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Henry Lind's Weather Watch
by Henry Lind

Weather Watch

A Daily Gazette news blog
Weather events in our region and why they happen
 

Does fog eat snow?

By Henry Lind
Friday, March 14, 2014
| 3 comments

I can remember as a child hearing my father’s sanguine observation that having a fog condition was good during winter because in his opinion it was making the snow disappear. As he described it, “fog eats snow.” Seemed logical to me at the time because the snow disappeared as the fog lifted and we could see the ground again. We wrote earlier about another method by which snow disappears — sublimation. One reader commented that he had missed seeing any significant fog events this winter (thanks for that observation).

Digging through the records of official NWS daily weather observations we find that there were very few days where the visibility was restricted by fog at Albany in February and January. Does fog really “eat” snow and does that explain why there is still much snow around? Not quite. Once again, this is a case of good observations but incorrect conclusions as to cause and effect.

Fog happens when the amount of invisible water vapor in the air is greater than the air can support and forms tiny droplets of the liquid form. We refer to that in terms of relative humidity or the dew point temperature nearly matching the air temperature. The rule of physics is that warm air can hold much more water vapor than cold air so that when air cools the vapor becomes tiny droplets. Clouds form in exactly that fashion so a good analogy would be that we have clouds on the ground when we see fog. During the winter with lots of snow cover a mass of warm air with its moisture which arrives in our area is suddenly cooled — sort of like opening the freezer door on a humid summer day. The result is fog but the action is that the warm air is actually melting the snow and changing it into its liquid form one tidy droplet at a time. Again, it melts, there is not a stream of water running across the ground, but the water is being moved into the atmosphere. Other factors are in play as well but are a bit more technical so we will leave them in the textbooks for now.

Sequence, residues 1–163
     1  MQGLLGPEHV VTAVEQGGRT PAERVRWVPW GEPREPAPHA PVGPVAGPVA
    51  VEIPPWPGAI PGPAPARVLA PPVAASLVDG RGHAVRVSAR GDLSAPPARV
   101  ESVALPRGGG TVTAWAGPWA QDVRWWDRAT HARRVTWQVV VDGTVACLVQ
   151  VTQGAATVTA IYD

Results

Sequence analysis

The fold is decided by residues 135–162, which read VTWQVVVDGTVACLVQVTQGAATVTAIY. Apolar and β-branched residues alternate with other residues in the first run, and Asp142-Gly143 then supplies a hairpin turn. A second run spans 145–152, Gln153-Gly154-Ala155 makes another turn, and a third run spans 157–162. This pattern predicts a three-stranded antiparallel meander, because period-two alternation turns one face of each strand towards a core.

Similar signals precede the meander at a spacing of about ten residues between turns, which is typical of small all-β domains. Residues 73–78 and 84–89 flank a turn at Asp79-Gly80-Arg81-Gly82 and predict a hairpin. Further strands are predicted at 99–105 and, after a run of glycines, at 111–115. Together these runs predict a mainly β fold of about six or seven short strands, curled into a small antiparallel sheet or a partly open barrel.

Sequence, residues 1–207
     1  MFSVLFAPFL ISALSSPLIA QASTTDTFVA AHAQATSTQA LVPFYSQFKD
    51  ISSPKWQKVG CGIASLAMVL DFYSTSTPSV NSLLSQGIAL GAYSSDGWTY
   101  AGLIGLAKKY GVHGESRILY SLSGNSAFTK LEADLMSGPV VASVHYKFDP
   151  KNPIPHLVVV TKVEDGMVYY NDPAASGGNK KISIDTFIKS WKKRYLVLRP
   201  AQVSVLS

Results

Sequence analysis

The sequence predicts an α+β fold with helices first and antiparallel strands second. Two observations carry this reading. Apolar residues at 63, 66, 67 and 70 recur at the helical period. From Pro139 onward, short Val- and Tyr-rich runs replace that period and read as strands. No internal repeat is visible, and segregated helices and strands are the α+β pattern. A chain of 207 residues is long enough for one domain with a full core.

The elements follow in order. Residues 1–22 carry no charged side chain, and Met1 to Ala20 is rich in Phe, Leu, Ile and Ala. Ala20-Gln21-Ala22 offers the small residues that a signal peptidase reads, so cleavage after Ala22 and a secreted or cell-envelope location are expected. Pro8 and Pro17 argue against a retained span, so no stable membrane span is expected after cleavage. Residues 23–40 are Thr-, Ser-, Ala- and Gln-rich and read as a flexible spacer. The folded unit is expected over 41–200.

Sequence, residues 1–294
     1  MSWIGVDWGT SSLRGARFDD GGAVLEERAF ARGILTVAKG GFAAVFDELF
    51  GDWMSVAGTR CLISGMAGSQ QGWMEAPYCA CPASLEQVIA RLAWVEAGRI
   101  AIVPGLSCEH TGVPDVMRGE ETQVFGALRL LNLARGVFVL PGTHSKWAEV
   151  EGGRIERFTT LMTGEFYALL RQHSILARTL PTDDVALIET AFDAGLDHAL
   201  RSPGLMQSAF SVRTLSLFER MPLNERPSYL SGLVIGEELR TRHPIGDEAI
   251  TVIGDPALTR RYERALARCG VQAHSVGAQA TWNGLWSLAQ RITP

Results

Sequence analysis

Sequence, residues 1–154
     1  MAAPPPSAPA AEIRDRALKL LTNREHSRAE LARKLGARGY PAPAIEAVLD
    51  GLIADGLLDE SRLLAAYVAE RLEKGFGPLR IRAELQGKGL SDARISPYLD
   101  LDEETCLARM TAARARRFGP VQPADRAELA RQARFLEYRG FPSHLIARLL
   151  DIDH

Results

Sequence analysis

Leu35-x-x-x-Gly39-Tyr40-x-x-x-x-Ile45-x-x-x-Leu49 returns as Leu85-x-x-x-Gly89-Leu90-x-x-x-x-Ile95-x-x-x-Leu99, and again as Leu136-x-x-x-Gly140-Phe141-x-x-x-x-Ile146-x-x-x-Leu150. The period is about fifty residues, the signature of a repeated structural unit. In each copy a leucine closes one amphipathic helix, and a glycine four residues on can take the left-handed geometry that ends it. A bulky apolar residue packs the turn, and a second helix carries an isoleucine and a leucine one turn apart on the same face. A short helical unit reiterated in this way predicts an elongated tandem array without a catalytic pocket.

We saw that happen for a short while during the recent storm on March 12 where the dewpoint approached the temperature while it was still above freezing and a light rain was falling. Freezing fog is another matter which we addressed earlier.

Why not much fog this winter? We can look to the jet stream once more for the answer to that and remember that for us the air came mostly from the North which is typically very dry with very low dewpoints. In general, warm air with lots of moisture arrives from the South but our jet stream did not provide that transport route for us. Of course, the jet changes over time so it we have to wait for that to happen — perhaps August is a good bet!

 
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comments

March 15, 2014
10:10 a.m.

[ Suggest removal ]
JIMOCONNOR says...

Thanks very much...

Any insights as to what happened with the NAO, North Atlantic Oscillation, this winter would be very welcomed. They might help readers grasp why so manny vortices made it here this year.

March 17, 2014
12:59 p.m.

[ Suggest removal ]
hlind says...

The NAO is a complex phenomenon but certainly has a profound effect on our weather -- will try to digest the available information and bring a local perspective. It is another area which has been subject to considerable research in an attempt to gain understanding and perhaps improve forecasting.

March 22, 2014
10:27 a.m.

[ Suggest removal ]
JIMOCONNOR says...

Great no rush

 

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